Street art festivals are popping up like mushrooms across the globe, bringing murals, not street art, to cities primarily as a means of injecting life and culture into a community or business district. When we travel to see these walls we also like to check out the local organic spots off the beaten path where real street art and graffiti can run wild.
You go exploring partly out of respect for the roots of this rapidly evolving art practice -- it was the graffiti writers, Situationists, radical hippie students, culture jammers, political anarchists and all manner of freewill installationists who brought us to this moment where cities are almost pleading for murals.
You also hike into tunnels, abandoned lots, underpasses, and neglected former industrial sectors because that is where you know the scene will be alive with experimentation, the spark of discovery, and a splash of old-school in-your-face rebellion without censorship.
For teens and twentysomethings of a certain disposition there's nothing like grabbing some cans on a sunny Saturday and slaughtering a burned out bus with paint. Even better if its in the middle of a decommissioned military training site used by testosterone raging paintballers with guns full of color ducking behind concrete facades in camouflage fatigues. Amid the clouds of aerosol and bonfire smoke you find these paintings in the ruins, the remaining signs of an un-wasted youth.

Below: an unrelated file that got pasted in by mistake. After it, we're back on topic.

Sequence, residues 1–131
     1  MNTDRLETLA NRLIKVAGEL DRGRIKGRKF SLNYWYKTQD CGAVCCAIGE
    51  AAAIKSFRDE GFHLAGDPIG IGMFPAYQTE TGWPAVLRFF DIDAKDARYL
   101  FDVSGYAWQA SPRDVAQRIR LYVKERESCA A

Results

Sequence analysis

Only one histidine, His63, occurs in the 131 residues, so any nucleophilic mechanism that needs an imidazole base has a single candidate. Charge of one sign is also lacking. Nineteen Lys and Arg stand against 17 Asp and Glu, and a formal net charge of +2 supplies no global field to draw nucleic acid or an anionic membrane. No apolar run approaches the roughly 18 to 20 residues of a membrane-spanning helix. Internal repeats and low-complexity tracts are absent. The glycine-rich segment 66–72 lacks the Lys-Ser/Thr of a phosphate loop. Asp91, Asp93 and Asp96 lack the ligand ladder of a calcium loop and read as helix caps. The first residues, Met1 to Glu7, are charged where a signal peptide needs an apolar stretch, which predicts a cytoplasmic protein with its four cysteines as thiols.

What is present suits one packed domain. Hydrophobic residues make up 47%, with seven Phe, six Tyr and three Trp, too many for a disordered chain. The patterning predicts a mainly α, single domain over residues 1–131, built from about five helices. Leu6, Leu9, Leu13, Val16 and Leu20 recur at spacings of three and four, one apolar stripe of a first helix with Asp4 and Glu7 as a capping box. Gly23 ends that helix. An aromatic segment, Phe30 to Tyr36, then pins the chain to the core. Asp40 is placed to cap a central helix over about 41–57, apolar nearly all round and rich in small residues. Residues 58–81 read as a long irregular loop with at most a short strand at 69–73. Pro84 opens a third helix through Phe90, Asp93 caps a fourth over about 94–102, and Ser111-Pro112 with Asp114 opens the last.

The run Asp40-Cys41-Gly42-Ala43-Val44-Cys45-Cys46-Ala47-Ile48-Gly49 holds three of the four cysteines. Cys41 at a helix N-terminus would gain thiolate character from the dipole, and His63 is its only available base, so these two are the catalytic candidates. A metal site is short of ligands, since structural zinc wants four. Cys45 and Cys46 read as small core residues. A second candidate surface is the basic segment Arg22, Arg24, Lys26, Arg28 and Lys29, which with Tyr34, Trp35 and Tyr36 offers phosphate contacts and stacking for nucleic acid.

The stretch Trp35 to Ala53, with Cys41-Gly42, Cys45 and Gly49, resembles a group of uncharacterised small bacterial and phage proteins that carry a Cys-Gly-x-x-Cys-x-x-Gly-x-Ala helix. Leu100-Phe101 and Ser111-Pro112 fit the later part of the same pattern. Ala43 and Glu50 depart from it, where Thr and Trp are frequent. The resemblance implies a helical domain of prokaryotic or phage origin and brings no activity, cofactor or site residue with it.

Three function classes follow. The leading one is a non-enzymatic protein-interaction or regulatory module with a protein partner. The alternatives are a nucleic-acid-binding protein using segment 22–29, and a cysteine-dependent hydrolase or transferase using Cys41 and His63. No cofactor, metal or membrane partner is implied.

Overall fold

According to locals people all the way from Stockholm and Gothenburg travel to paint at this 18,500-square-meter former training facility for the Swedish armed forces. It's built to mimic a real city to practice urban warfare training with rudimentary buildings, marked streets, and below ground tunnels to crawl though. No one remembers when it was first built but it was closed in 1989, left for hikers, berry pickers, and x-urban explorers to discover.
"The traces of bonfires most likely are from paint ballers having a barbecue during their games," says one of our guides named Anders, "or possibly they're for heating their hands during winter games." Either way the aerosol tags, characters, paintings, and occasional wheatpastes are still popping up and fresh ones ride alongside some now decades old.
So nevermind the prickers and the poison ivy and take a hike off the path and see some free-range artworks in their naturally unnatural environs -- directly to you from Sweden.
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